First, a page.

# What's the name for this type of non zero sum game?

Many times you hear Economics is a "non zero sum game" implying that anything that is earnt by one person or group isnt lost by other. This might not be the definition of non zero sum game, but that's how it is used many times. What I believe it happens it's part of what is earnt by a person or group is lost by other and other part isnt.

In the other hand, you have "zero sum game", where everything earnt by someone is lost by other.

Is there a name for a game where part of what a person or group earns is part of what other person or group loses, and other part of what this first person or group earns isnt part of what other person or group loses?

• A zero-sum game is so named because in it, the sum of the players' payoffs is always zero. Unless you provide a specific payoff structure to the players in the game, it's hard to categorize it. From what you've described, I suggest you look up the term constant-sum game and see if it is something you're looking for. – Herr K. May 25 '17 at 23:17
• @HerrK. I would vote for this answer. – Giskard May 26 '17 at 16:50

A zero-sum game is so named because in it, the sum of the players' payoffs is always zero. Unless you provide a specific payoff structure to the players in the game, it's hard to categorize it. From what you've described, I suggest you look up the term constant-sum game and see if it is something you're looking for.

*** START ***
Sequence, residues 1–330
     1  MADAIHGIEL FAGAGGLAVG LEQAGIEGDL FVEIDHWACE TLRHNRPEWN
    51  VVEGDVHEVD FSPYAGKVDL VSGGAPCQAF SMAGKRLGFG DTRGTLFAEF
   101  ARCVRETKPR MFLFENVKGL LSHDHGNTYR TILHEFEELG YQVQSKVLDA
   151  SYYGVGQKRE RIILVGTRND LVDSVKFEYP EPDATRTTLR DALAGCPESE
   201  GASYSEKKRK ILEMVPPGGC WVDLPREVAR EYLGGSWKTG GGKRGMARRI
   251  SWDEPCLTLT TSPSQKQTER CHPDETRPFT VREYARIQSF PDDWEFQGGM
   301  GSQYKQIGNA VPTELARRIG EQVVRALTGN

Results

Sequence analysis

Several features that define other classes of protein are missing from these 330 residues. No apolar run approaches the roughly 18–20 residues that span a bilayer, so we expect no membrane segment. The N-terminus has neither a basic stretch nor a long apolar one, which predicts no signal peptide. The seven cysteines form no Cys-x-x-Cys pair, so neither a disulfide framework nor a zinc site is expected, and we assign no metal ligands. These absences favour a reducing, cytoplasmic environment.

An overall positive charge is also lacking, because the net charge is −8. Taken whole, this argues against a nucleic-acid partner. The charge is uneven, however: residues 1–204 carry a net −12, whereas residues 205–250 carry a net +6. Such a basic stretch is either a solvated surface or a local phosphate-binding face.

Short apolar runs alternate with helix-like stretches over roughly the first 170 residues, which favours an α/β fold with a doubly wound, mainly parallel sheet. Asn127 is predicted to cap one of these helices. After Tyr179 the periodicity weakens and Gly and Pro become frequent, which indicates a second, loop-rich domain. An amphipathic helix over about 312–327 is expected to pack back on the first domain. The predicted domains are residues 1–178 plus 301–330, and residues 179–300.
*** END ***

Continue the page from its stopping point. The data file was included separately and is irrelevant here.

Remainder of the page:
An example:

$$\begin{array}{|r|c|c|} \hline & X & Y \\\hline X&2,-1&-1,2\\\hline Y&-1,2&2,-1\\ \hline \end{array}$$

Suppose the status quo payoff is $0$ for both players. Then in each of the outcomes in the game above, one of the players gets $2$ at the expense of the other player losing $1$. The pair of payoffs in each outcome sums up to the constant $1$, hence the name constant-sum game. Do notice, however, that this is only a very small subset of the possible games due to the heavy restrictions on the payoffs.

• well it's kind of, but not necessarily a constant amount. Zero sum game, everything that is win by someone is lost by another person. Win-win game, everybody wins, and nobody loses (though I dont know if this name is an informal name or it comes from some mathematics or economics or game theory) . The game I'm looking for, a group or somebody loses, other group or person wins, and the payoffs outcome sums up to a positive number, though not a constant number – Pablo May 26 '17 at 19:04
• @Pablo: There's no standard way of calling the class of games you're describing. I suppose you could try to call them "positive-sum competitive games". The word "competitive" indicates that one's gain is always another's loss, but the sum of the payoffs is positive (though not necessarily a constant), so that the loss is only a fraction of the gain. – Herr K. May 26 '17 at 19:36

As far as I know the definition is yet to be extended beyond two person games, but you seem to be looking for some notion of antagonism.

A two player game is antagonistic if given any two outcomes A and B, if player one prefers outcome A then and only then player two prefers outcome B.